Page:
For eight years, I have volunteered at a little shop in Kensington called the Prevention of Blindness shop, where I met an artist, Kaltoum Maroufi, who has been a great supporter and champion of the gallery. She was giving up her space in Kensington and moving to a larger studio. It was so affordable, and the landlady is so lovely,  so I thought, “I need to do this. I will give it three years and see what happens.”

HOW WOULD YOU DESCRIBE THE ARTISTS YOU REPRESENT IN THE GALLERY?

All the artists I represent are contemporary artists. I have always loved text-based work, so a number of the artists use text, books, and language, or reference literature in their work. Sometimes it is quite obvious, other times less so, but for me, the love of language and literature is often there. I also love work that uses some form of a grid or geometry and that is often present in the work. I am also very loyal to quite a few artists from my days at Studio Gallery, so I may show a couple of their pieces in the gallery. It may not be cutting edge contemporary, but it is fine work and I am delighted to show it.

WITH SO MANY OTHER WAYS FOR PEOPLE TO BUY ART THESE DAYS, HOW IMPORTANT ARE GALLERIES TODAY AS PART OF THE ART MARKET?

I truly believe in galleries. I think artists need to have shows, and magical things happen when work is in the gallery setting. This is true for solo, duo, and group shows. I will have thought about a show for several months, and then all of a sudden a new dynamic that I never intended or thought would happen is created. The gallery also shows work people may not always have a chance to see.

Most importantly, I want to make art important and accessible. Many people who visit the gallery are hesitant to enter; they feel as if they do not understand contemporary art. My goal is always to create a dialogue, to get their ideas, and to tell them a little bit about the artists or my own art. There are some works of art—especially that of Jessica Drenk and John James Anderson—that get people initially talking or thinking about art and that makes me so happy. From their work, I am able to introduce visitors to the work of other artists and help them to think about contemporary art.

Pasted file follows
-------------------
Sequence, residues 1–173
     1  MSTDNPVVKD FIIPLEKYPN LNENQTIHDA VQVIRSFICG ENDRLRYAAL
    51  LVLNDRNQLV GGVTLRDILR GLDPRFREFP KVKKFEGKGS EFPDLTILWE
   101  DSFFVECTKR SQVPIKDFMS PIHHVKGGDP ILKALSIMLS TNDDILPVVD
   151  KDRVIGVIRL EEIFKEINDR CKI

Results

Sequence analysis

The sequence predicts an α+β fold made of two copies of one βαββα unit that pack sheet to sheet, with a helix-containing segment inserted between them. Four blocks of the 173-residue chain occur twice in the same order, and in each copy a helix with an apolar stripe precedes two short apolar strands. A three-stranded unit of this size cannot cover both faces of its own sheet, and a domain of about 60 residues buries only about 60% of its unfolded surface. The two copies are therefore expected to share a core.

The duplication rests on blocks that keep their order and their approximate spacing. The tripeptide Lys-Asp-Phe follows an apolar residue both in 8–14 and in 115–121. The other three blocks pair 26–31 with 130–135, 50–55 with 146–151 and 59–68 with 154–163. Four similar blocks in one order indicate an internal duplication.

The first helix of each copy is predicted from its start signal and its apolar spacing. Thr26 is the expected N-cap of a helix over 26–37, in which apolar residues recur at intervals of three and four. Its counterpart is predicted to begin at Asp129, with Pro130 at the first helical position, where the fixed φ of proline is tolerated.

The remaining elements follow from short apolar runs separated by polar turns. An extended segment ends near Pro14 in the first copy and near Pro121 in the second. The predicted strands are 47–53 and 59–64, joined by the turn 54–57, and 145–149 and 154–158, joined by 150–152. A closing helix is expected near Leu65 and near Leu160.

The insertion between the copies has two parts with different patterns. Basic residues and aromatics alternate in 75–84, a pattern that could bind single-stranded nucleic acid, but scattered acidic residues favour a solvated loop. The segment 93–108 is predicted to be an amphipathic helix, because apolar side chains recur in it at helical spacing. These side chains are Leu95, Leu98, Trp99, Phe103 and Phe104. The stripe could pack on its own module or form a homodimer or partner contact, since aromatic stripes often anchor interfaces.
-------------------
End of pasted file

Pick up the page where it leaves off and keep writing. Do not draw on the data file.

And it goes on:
WHAT IS THE BEST THING ABOUT OWNING A GALLERY IN THIS AREA?

There are so many wonderful artists working in the area and there are art events all the time. I feel I have learned so much from gallerists, artists, curators, universities, and the museum community. Washington D.C. is also full of intelligent and curious people who always give me a new perspective and language for looking at art.

My little community in Kensington is so generous—a restaurant with great walls lets me hang art, the Kensington Bookstore promotes my events, and the Prevention of Blindness store is generous with supplies. My upstairs neighbor, Ferdynand, who trained as an artist in Poland, helps me to curate and hang shows and we are always talking about twentieth-century art. He has a great eye and great aesthetic. My neighbor and friend Kaltoum, who I mentioned before, is a great teacher of art and a great source of knowledge about art history. She is one of the most enthusiastic supporters of artists and she brought me my first major collector in the gallery. I am truly lucky to be here.

WHAT IS YOUR ADVICE FOR PEOPLE WHO ARE INTERESTED IN COLLECTING ART BUT DON’T KNOW WHERE TO START?

If you are interested in collecting art and do not know where to begin, I would visit museums and public art spaces. Glenstone in Potomac, Maryland, is one of the finest private collections of contemporary art and it is free. The National Gallery, Hirshhorn, and Corcoran all have amazing collections. I love the public art spaces and have found the Arlington Arts Center and Hillyer Art Space to be two wonderful places to see both local and national artists. I also love the Katzen Arts Center at American University—they are doing a fantastic job showing contemporary art.